In 1993, I left the entertainment world to start my own communication consulting business based in Berkeley, California. When I began coaching professionals and executives in presentation skills, I was shocked to find that they, too, were also weak at self-promotion. People on all rungs of the corporate ladder—from entry level to middle management, from heads of divisions to heads of companies, from Silicon Valley to Wall Street—had a hard time talking about themselves. Most found it easier to display passion about their organizations, their products and services, their teams, their hobbies and families, or other individuals. In short, they were more likely to talk with enthusiasm about
anything but themselves
. When forced to take the spotlight, they tended to robotically recap their résumés like some PowerPoint presentation, relying on techniques learned from previous workshops or from well-meaning professors in “Presentation 101” college classes: “Just the facts, ma’am” or “Never put your hands in your pockets.” Instead of being able to tell a client that they were responsible for doubling sales from $4 million to $8 million in six months, my clients spoke of their accomplishments in the vaguest of terms. Their fear of coming off as braggarts denied them the opportunity to relay the very information that would impress a prospective client.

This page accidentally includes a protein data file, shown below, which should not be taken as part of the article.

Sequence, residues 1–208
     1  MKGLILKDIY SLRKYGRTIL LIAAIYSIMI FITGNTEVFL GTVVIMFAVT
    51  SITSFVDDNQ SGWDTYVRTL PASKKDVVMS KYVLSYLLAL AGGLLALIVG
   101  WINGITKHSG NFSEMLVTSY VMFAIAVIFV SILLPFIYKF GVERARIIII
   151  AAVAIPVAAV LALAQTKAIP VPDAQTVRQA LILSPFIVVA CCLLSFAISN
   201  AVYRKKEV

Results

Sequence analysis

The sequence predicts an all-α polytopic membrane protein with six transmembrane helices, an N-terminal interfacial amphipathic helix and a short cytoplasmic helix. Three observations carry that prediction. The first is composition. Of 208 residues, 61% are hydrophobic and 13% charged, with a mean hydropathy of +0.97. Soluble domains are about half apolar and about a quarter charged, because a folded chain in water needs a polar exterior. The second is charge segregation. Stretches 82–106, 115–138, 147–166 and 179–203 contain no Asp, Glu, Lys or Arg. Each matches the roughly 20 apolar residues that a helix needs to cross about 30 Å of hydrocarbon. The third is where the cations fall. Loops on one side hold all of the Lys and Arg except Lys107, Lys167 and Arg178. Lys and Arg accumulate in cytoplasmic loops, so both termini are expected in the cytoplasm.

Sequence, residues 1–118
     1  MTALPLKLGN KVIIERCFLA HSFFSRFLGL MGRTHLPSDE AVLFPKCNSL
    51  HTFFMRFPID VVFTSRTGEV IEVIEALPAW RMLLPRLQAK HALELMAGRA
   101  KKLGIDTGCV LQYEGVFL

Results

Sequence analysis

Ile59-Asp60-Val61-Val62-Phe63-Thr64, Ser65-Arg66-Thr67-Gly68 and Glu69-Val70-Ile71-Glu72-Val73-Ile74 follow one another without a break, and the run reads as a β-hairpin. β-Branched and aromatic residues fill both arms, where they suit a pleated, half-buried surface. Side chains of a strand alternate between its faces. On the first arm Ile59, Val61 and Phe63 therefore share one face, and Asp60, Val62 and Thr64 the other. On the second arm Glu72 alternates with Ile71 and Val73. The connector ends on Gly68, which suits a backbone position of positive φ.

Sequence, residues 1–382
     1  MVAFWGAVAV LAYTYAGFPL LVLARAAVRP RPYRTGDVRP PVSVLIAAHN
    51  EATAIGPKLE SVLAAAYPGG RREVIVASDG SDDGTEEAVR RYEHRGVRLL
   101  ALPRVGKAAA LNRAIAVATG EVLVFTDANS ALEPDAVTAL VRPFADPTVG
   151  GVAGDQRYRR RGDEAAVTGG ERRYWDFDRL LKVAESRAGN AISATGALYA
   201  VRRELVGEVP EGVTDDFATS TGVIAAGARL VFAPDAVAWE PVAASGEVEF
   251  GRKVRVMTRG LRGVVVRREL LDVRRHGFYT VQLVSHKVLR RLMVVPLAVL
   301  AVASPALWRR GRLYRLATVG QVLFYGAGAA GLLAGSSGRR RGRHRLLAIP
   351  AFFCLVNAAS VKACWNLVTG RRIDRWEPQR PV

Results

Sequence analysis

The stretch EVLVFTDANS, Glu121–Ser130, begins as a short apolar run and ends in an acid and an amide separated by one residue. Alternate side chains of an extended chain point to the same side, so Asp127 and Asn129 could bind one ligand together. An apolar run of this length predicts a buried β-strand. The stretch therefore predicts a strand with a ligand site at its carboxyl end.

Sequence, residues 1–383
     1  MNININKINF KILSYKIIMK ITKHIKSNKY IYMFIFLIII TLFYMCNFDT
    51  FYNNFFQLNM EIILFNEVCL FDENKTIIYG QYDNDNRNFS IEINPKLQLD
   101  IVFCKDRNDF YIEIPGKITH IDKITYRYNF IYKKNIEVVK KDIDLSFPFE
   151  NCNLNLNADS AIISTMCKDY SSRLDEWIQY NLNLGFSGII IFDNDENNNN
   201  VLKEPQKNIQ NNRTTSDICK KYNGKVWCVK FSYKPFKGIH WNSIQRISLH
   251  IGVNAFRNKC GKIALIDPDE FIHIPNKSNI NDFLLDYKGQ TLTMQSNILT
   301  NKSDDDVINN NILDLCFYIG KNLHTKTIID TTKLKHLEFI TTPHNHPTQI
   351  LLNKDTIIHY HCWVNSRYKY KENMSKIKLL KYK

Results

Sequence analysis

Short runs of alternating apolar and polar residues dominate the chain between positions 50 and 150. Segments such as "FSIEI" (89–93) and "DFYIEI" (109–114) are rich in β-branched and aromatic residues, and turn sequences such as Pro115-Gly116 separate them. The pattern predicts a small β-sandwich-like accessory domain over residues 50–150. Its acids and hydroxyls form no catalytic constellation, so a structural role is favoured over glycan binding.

Over the years, as my communication consulting expanded from platform skills to management and career issues, I started to cover self-promotion in my workshops and in one-on-one coaching sessions. My clients responded to me as if I were a dentist who had accidentally struck a raw nerve while drilling.
was clearly seen as a four-letter word. And by extension, the whole notion of self-promotion was excruciatingly difficult for professionals to embrace, even if they knew it was critical for their own survival. I made it my business to change their minds. Promoting ourselves is not something we are taught to do. Even today, we still tell children “Don’t talk about yourself; people won’t like you.” So ingrained are the myths about self-promotion, so repelled are we by obnoxious braggers, many people simply avoid talking about themselves. Two extremes. No happy medium. The problem (and the solution!) lies in our interpersonal communication skills. Not only are we uncertain about
to say about ourselves, we don’t know
to say it with grace and impact in a way that’s inviting to others.